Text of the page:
The researchers say that because these resources never leave their country of origin, they are not adequately captured by current reporting methods. They have used a new indicator they call the "material footprint" to more accurately account for these 'lost' resources and have developed tools that could assist policy-makers in future.
Economy-wide accounting metrics (such as Domestic Material Consumption or DMC) currently used by certain governments and intergovernmental organisations, including the OECD, the European Union and the UN Environment Programme, only account for the volume of raw materials extracted and used domestically, and the volume physically traded.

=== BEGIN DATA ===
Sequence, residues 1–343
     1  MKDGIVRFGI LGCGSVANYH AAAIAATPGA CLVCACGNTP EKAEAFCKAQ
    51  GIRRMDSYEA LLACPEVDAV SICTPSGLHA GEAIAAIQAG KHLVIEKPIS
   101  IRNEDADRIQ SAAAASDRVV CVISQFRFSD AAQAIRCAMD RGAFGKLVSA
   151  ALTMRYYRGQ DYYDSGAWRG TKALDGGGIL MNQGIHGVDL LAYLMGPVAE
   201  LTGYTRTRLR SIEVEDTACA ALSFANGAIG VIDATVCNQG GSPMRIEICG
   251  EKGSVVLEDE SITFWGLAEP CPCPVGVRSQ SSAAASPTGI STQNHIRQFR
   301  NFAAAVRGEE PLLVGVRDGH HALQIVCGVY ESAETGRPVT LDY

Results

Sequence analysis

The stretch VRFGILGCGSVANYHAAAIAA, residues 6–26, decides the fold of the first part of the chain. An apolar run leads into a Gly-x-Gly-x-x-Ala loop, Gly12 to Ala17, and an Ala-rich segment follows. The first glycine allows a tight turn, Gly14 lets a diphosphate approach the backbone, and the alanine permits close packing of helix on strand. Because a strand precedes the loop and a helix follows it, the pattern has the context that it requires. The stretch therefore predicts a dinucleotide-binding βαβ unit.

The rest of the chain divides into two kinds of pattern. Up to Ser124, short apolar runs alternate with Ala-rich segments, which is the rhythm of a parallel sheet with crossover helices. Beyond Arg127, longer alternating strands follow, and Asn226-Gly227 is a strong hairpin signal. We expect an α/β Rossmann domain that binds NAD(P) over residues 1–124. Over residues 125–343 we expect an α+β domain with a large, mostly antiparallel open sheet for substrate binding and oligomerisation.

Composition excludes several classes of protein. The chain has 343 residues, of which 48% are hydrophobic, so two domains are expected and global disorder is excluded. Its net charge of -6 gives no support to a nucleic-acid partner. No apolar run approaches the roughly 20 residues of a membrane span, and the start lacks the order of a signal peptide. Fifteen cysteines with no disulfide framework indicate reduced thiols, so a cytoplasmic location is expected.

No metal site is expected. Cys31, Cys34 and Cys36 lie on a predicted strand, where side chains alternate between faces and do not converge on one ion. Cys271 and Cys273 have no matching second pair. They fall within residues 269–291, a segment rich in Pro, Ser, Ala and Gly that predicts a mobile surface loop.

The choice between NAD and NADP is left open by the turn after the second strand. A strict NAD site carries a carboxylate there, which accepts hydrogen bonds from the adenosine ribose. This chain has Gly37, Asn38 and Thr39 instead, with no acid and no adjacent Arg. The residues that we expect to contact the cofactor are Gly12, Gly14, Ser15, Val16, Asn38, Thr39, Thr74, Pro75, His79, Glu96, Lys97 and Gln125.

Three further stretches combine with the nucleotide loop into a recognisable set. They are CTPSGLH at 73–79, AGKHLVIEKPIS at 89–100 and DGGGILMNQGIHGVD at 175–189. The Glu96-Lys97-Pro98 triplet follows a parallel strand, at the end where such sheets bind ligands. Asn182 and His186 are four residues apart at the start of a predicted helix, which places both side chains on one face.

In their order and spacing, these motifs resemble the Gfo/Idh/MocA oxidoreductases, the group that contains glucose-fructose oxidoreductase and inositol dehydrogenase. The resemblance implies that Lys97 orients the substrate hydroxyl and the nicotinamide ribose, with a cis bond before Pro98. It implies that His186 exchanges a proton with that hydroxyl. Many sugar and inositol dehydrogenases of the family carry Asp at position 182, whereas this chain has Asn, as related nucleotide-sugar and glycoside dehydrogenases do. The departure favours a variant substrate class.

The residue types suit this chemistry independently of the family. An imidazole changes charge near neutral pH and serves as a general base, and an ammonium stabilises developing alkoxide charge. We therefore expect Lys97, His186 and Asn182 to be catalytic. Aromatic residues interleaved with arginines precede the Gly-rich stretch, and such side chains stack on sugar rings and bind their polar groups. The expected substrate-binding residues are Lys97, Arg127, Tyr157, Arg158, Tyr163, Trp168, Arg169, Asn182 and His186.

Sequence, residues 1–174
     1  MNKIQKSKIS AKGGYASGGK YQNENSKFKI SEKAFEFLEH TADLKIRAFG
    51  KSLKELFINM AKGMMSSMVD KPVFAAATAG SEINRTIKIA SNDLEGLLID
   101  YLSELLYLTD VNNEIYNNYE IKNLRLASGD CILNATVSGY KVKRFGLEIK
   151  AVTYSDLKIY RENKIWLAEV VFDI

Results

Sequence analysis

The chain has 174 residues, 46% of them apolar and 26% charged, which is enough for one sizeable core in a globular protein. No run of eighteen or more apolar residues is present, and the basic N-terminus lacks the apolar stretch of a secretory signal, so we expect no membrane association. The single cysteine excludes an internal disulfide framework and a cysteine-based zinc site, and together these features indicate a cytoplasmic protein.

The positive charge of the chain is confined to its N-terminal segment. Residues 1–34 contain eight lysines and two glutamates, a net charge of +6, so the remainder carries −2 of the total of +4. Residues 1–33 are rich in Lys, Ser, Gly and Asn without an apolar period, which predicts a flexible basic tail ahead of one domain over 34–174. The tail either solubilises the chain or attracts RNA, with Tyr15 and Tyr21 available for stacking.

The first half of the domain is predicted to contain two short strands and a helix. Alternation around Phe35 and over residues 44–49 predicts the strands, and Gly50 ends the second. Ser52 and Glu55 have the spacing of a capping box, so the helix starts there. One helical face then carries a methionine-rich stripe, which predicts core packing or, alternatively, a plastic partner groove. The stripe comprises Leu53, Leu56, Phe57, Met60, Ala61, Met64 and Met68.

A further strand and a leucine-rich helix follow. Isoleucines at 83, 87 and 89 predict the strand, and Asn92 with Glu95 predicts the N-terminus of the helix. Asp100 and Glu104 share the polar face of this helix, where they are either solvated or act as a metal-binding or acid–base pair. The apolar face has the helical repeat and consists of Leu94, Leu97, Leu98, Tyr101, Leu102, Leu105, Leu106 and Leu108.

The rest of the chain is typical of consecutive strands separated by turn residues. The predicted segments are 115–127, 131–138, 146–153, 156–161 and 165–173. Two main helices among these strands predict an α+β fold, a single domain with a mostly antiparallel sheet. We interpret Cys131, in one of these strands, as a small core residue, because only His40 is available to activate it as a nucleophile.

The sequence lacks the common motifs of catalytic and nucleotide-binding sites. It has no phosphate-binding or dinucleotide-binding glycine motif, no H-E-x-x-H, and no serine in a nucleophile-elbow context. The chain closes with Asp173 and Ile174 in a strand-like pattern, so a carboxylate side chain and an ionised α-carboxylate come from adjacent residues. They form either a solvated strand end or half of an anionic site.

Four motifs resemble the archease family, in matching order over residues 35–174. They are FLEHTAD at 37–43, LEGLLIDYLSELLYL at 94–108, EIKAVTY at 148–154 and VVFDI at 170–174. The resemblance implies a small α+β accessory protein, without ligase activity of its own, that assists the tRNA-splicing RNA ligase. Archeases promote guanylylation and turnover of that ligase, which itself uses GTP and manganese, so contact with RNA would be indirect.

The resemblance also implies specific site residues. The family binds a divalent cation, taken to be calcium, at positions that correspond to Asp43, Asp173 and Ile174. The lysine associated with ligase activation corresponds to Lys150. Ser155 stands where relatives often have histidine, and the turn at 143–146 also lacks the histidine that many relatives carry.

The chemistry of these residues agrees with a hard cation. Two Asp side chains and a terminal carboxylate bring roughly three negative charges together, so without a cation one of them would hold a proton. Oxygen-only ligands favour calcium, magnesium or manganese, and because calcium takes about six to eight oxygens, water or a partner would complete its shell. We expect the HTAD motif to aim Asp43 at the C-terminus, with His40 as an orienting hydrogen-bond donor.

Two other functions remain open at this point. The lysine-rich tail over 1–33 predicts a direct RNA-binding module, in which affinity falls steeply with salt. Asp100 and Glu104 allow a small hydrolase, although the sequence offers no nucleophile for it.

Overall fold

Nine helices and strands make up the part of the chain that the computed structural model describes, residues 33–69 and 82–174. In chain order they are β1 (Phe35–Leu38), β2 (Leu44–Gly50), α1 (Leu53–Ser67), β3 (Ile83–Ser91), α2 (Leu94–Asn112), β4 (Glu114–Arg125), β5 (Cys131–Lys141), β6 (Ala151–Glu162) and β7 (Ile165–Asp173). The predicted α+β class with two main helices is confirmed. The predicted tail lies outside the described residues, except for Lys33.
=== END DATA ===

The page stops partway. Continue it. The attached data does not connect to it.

These indicators suggest resource-use in wealthy nations has increased at a slower rate than economic growth something known as relative decoupling and that other countries have actually seen their consumption decrease over the last 20 years something known as absolute decoupling. (See figures).
Decoupling of raw material usage from economic growth is considered one of the major goals en route to achieving sustainable development and a low-carbon economy.
But the study authors say when their "material footprint" indicators are factored in these achievements in decoupling are smaller than reported and often non-existent.
The study relates to the following resources: metal ores, biomass, fossil fuels and construction minerals.
Selected country findings:
|Contact: Tommy Wiedmann|
University of New South Wales